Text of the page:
The company behind retail giant B&H Photo has agreed to pay out $3.2 million in monetary relief and back wages to settle a discrimination and harassment case from 2016.

NPPA to raise dues for the first time in 11 years, because defending truth ain't cheap

Starting January 1st, 2018, the NPPA will raise its membership dues for the first time in 11 years. You have until the end of the year to re-up or join at the current rates.

NPPA says LA public park photography ban is unconstitutional

A photography ban in a Los Angeles public park during a series free concerts has been branded ‘unconstitutional’ by city and national media and public liberties groups.

Photographer behind famous 'monkey selfie' is broke after years-long copyright battle

David Slater's viral 'monkey selfies' made him famous, but the legal battles over who actually owns the photos—him or the macaque who pressed the shutter—has left him broke and dejected.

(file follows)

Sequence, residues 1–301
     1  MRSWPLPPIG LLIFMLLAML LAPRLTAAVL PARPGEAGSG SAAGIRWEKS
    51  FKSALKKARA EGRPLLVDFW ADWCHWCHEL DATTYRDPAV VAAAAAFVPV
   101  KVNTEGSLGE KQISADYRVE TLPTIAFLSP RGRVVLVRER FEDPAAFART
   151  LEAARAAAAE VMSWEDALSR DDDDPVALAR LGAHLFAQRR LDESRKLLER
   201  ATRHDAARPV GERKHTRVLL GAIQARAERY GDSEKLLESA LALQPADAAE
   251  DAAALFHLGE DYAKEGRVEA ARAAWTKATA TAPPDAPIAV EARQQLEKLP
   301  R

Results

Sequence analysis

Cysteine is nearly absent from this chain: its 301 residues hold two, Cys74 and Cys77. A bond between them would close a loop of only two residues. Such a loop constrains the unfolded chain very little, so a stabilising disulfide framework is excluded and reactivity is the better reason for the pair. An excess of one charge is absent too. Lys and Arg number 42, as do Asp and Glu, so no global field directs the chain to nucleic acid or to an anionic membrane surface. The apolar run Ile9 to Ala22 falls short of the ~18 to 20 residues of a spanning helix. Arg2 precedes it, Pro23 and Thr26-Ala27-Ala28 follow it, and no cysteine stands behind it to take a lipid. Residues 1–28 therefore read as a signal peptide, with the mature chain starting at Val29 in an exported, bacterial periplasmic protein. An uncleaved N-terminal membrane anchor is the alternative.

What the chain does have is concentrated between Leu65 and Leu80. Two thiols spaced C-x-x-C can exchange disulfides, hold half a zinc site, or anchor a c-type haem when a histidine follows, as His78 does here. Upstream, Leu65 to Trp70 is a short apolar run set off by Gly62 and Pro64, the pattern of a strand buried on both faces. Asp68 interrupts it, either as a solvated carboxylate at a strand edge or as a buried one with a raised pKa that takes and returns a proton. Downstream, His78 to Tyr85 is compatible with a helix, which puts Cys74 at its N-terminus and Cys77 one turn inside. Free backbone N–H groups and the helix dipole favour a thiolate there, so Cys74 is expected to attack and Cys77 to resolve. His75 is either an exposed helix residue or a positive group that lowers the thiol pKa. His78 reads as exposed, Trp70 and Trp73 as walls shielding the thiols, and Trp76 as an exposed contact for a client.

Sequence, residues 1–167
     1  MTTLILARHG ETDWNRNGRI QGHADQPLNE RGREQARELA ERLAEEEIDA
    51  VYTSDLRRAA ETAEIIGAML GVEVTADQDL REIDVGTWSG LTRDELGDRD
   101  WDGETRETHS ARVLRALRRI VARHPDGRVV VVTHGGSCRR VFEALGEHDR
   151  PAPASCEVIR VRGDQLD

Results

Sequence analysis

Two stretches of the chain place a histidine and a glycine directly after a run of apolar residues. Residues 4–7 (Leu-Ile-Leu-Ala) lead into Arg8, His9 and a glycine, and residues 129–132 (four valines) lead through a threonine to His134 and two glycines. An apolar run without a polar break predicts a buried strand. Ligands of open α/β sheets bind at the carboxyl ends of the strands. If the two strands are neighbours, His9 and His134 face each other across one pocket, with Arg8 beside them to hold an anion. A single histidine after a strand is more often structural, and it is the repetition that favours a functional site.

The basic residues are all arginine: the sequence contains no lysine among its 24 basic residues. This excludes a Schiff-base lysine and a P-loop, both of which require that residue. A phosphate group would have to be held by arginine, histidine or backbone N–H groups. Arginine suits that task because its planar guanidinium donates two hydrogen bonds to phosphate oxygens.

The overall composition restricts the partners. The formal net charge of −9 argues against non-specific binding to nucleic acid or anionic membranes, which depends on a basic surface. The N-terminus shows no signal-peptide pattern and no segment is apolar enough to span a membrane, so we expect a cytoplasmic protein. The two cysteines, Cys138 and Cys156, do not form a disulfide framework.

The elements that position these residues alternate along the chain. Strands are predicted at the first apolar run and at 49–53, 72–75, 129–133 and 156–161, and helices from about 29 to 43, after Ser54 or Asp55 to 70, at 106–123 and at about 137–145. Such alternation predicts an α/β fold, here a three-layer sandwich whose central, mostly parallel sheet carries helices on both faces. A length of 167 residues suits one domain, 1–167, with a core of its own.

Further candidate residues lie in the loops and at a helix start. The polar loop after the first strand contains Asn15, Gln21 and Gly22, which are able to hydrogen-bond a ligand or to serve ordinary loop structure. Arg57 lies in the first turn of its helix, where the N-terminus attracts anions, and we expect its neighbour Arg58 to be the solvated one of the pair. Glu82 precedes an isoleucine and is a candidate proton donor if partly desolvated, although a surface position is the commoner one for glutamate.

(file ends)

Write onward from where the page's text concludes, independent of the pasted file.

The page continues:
Federal Court confirms (again): Police can be photographed in public

The US Third Circuit Court of Appeals has confirmed what the First, Fifth, Seventh, Ninth and Eleventh have already stated: it's your constitutional right to photograph police in public.

Two easy steps for using a DMCA takedown notice to battle copyright infringement
Finding an unauthorized use of your photograph on the web is upsetting. This article explains how the Digital Millennium Copyright Act (DMCA) can help to get your images removed from infringing websites (US only).